Free Cash Flow Forecast Template
We understand how important cash flow forecasting is for a business, especially right now. That’s why we’ve created a cash flow forecast template for you to start using for free today. Simply hit the button below and it’s yours.
Do you know exactly how much cash is coming into and out of your business? If not, that could be a problem. Forecasting how much cash your business is going to have in the coming weeks and months is crucial for business survival. But do you know how to create a cash flow forecast? If not, we’ve built this handy cash flow template for you to get started. Just make a copy of it and adjust it to suit your business.
This easy to use cash flow template can help you quickly calculate your total expenses and look at your expected earnings. Simply input the relevant numbers and the cash flow template will help you forecast your business’ future.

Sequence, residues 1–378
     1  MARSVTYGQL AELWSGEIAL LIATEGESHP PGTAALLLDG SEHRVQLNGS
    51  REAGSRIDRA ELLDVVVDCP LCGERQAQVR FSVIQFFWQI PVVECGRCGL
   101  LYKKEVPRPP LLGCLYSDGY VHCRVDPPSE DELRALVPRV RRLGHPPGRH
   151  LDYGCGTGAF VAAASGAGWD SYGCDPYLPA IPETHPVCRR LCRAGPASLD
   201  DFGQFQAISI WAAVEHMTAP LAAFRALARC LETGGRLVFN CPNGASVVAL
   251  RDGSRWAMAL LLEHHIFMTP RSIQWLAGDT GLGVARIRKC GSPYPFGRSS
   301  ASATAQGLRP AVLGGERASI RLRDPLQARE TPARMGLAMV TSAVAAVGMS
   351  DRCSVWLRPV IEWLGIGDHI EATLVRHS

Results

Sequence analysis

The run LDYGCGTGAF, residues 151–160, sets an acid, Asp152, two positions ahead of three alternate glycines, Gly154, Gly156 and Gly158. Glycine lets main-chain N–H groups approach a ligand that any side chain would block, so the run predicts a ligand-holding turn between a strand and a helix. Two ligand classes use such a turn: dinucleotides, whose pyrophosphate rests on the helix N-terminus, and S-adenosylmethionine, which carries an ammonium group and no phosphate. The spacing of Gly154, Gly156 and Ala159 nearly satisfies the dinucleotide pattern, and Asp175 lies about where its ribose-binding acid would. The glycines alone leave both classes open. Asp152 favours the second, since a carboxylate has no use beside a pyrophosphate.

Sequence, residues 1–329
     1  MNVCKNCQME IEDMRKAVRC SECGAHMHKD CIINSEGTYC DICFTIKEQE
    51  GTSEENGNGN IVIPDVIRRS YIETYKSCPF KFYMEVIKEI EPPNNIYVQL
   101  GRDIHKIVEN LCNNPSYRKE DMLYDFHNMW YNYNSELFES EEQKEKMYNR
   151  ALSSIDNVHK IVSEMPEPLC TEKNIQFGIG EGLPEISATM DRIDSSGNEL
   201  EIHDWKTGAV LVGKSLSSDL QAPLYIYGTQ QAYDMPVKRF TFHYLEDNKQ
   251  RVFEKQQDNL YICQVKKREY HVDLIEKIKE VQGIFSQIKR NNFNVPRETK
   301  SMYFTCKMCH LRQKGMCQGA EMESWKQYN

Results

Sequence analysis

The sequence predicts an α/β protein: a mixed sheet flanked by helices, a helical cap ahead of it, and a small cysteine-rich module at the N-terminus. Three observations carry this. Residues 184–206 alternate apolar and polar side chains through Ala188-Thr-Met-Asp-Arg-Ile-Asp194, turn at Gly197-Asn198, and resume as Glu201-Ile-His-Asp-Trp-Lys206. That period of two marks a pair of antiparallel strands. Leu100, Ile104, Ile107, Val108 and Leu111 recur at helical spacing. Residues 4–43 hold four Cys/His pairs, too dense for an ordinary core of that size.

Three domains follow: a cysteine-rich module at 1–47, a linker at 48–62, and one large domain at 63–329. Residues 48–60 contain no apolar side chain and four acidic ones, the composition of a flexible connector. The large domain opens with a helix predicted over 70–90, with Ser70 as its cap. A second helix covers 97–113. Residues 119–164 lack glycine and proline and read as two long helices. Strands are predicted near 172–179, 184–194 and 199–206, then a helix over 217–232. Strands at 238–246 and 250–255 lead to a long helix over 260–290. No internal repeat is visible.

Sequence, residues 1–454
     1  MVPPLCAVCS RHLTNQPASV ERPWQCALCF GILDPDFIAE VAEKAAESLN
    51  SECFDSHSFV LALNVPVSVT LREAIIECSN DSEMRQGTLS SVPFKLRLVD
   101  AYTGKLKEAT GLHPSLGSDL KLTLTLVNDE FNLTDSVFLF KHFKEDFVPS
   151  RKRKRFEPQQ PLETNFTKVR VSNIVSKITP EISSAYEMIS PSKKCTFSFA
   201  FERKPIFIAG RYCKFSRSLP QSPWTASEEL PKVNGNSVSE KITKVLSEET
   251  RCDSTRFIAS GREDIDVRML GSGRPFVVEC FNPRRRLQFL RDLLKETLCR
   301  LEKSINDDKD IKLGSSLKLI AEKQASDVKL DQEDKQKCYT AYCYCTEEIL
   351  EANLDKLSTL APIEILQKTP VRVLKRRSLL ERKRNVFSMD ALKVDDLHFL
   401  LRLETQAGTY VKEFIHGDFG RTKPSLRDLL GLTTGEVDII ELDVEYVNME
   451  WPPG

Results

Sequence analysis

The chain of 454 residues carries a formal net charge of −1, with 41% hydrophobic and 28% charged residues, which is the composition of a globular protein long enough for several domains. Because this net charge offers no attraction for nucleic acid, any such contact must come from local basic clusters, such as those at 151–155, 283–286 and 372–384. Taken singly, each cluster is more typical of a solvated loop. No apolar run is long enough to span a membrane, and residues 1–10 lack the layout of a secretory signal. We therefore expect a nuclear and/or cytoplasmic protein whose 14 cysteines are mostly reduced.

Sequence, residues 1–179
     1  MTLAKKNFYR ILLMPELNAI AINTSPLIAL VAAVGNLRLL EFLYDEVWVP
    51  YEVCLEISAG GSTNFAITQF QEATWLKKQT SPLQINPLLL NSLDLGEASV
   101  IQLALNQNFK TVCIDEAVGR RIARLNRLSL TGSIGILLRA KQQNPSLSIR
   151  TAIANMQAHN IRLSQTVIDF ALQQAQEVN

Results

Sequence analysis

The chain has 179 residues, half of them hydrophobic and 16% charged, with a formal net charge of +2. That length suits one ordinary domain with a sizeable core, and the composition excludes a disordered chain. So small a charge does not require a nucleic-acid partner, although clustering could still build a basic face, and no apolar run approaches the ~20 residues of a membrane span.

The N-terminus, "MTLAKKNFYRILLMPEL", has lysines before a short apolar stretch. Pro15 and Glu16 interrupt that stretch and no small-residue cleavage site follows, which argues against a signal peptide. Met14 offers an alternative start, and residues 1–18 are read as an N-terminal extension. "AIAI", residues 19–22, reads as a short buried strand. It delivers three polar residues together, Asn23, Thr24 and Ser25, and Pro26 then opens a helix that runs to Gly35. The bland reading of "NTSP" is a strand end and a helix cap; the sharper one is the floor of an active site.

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What is a cash flow forecast?
A cash flow forecast is a plan of when cash will come into and out of your business, while clearly showing what you’ll have in your bank account at the end of the month. Cash flow forecasting typically looks at two types of data:
- Actual cash flow
- Forecast cash flow
That means you should look at what your cash flow looks like both now and in the future. A cash flow forecast should include all of your known and expected business expenses, like office rental and staff wages, as well as all of your revenue sources, such as product sales.
Why is a cash flow template important?
A cash flow forecast predicts exactly when and how much cash is going to enter and leave your business over time, allowing you to prepare for cash crunches and surpluses.
Having an accurate cash flow forecast that is updated regularly can provide you with a useful snapshot of the health of your business that can be shared internally or with external stakeholders such as board members or investors.
A cash flow forecast will ensure you keep on top of your business’ financial outlook, helping you with things like: